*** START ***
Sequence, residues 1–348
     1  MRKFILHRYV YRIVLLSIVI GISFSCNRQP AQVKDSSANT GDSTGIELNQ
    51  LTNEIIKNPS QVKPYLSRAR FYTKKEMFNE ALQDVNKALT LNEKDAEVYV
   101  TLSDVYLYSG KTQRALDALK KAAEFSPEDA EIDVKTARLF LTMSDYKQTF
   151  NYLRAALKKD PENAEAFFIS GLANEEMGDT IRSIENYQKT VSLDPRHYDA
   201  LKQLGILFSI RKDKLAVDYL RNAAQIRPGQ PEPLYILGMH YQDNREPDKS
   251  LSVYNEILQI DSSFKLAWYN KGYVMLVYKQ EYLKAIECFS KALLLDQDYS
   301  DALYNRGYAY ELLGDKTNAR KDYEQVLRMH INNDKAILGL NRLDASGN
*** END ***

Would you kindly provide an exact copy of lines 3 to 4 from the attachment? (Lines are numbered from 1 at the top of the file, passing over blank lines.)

    51  LTNEIIKNPS QVKPYLSRAR FYTKKEMFNE ALQDVNKALT LNEKDAEVYV
   101  TLSDVYLYSG KTQRALDALK KAAEFSPEDA EIDVKTARLF LTMSDYKQTF